The Football Association of Wales has expressed disappointment that travelling fans will not be allowed to attend the national team’s Euro 2020 qualifier in Slovakia after UEFA ordered it to be played behind closed doors.
Slovakia have been punished over racist chanting from supporters during their 2-1 victory in Hungary last month and, as well as being fined 20,000 euros (£17,570), have been told no spectators will be permitted at their next competitive home game.
That comes on October 10, when Ryan Giggs’ men are due to visit the Stadion Antona Malatinskeho in Trnava for a crucial Group E fixture.
— FA WALES (@FAWales) September 23, 2019
An FAW statement read: “The FAW is incredibly disappointed as the impact of this decision will harshly affect our supporters who have already incurred the costs of travel and accommodation to attend this match to support the Wales national team.
“The FAW is currently making strong representations to UEFA about this unfair impact on the 2,137 fans who have purchased tickets for this match. Our supporters have an excellent reputation and do not deserve to be punished in the same way as the small section of the fans whose conduct has been reprimanded by the imposed UEFA sanction.
“The FAW is also deeply frustrated in the communication of this decision to the association, which has generated a lot of unfair frustration and uncertainty for the association and the supporters.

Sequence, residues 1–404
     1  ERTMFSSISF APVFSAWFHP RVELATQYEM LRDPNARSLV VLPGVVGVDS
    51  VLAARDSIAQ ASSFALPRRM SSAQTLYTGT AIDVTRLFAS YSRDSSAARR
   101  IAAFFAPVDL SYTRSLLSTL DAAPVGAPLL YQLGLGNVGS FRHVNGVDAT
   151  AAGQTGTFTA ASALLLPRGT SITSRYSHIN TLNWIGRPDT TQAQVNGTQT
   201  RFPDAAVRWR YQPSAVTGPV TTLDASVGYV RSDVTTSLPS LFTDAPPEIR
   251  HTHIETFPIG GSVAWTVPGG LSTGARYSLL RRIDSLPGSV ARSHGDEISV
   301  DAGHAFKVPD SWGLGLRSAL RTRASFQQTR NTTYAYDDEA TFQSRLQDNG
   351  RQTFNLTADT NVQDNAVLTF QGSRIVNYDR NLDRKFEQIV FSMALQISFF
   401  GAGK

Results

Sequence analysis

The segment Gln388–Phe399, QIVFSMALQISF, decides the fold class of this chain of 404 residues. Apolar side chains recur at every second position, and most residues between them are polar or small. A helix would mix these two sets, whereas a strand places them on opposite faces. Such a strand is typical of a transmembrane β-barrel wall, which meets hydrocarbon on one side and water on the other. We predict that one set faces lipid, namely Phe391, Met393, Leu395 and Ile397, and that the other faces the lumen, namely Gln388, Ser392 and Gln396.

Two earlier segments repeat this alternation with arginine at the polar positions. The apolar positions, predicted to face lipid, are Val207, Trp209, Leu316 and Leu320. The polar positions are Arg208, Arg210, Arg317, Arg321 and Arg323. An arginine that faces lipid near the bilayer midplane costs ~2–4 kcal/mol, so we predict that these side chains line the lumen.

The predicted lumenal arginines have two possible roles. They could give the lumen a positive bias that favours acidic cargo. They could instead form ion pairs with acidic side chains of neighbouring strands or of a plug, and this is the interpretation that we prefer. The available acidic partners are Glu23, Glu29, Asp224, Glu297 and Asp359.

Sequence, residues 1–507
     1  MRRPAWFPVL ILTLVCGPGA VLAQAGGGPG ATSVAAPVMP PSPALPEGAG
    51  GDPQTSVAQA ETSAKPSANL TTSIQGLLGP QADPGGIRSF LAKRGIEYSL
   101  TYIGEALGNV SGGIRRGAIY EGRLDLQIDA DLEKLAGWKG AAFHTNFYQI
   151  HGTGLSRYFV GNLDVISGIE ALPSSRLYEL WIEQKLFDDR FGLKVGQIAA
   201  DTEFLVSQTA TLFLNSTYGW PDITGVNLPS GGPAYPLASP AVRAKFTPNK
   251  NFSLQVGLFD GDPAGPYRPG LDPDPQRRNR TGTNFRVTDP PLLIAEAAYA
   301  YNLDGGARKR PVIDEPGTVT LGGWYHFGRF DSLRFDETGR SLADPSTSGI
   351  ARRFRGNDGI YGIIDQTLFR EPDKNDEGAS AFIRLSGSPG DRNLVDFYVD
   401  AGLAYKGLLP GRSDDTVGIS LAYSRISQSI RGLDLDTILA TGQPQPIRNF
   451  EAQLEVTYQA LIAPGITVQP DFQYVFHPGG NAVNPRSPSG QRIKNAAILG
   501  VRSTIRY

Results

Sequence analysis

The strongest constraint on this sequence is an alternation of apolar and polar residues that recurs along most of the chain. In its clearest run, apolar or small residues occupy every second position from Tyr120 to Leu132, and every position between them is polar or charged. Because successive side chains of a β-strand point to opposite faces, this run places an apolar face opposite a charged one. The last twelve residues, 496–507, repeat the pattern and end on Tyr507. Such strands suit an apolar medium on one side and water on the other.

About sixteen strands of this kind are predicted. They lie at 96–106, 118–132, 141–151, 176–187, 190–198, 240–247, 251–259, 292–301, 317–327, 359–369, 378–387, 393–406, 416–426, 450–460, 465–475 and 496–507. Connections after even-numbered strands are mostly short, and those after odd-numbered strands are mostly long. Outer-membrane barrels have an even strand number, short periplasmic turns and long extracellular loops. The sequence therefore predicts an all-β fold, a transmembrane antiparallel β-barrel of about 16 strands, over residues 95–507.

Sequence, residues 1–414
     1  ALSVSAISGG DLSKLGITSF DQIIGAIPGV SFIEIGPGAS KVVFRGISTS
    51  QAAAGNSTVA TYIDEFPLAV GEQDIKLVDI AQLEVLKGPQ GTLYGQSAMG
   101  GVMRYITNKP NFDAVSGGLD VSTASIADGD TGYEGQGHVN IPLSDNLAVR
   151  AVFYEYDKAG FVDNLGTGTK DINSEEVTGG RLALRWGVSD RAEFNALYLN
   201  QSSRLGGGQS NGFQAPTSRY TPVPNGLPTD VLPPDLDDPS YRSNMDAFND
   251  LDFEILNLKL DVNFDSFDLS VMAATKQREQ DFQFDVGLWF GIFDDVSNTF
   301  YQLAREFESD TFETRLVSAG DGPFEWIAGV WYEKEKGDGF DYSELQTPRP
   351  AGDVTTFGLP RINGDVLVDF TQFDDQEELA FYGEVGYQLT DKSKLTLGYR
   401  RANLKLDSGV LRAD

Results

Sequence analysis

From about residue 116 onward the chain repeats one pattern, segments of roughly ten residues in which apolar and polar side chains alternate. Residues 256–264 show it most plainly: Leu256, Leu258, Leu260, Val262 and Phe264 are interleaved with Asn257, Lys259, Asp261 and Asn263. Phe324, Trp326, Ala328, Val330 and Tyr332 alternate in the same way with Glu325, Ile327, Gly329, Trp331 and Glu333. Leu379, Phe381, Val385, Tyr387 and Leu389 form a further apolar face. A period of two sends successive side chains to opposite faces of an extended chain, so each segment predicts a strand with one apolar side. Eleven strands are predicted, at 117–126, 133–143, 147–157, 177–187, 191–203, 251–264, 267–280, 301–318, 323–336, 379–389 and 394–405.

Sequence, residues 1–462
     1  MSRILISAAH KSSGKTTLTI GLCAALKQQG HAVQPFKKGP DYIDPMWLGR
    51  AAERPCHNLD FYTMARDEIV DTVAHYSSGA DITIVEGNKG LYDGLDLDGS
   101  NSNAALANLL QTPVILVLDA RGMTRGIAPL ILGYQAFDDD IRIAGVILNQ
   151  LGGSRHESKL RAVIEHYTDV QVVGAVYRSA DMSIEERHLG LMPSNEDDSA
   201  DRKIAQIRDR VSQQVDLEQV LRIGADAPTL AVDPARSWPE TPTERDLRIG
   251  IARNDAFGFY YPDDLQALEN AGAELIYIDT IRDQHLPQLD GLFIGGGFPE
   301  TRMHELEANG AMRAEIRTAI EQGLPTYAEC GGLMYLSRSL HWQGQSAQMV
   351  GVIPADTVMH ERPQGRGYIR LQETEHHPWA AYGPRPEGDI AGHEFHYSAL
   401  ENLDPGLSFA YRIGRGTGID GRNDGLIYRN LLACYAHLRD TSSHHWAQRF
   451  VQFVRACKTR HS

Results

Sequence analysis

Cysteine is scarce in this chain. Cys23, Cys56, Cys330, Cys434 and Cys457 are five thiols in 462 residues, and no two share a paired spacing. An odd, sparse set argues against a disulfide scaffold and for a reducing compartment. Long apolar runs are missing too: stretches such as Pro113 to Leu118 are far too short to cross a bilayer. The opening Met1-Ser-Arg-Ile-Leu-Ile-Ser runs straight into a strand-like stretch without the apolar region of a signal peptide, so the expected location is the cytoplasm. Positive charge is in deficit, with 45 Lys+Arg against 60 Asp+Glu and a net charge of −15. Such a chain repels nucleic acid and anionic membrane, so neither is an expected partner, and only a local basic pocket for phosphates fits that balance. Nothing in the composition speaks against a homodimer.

“UEFA has advised that the FAW is unable to appeal against the decision not to allow Wales fans into the stadium. The FAW understands that the Slovakian FA intend on submitting an appeal against the decision of the UEFA Control, Ethics and Disciplinary Body and will continuously monitor the situation.”
The Slovak Football Association announced the sanction – and indicated its intention to appeal – on Sunday, but it was only formally confirmed by the European governing body on Monday afternoon.
A UEFA statement read: “The UEFA Control, Ethics and Disciplinary Body has decided: to order the Slovak Football Association to play its next UEFA competition match as host association behind closed doors, for the racist behaviour of its supporters; to fine the Slovak Football Association with 20,000 euros.”
Hungary have been hit with a similar penalty for the same offence, although the Hungarian Football Federation has been fined a total of 67,125 euros (£58,960) after also facing charges over the behaviour of its players and spectators throwing objects and setting off fireworks.
Wales, who beat Slovakia 1-0 in Cardiff in March courtesy of Daniel James’ early strike, currently sit in fourth place in the group, four points behind leaders Croatia and three adrift of both Slovakia and Hungary having played a game fewer than all three.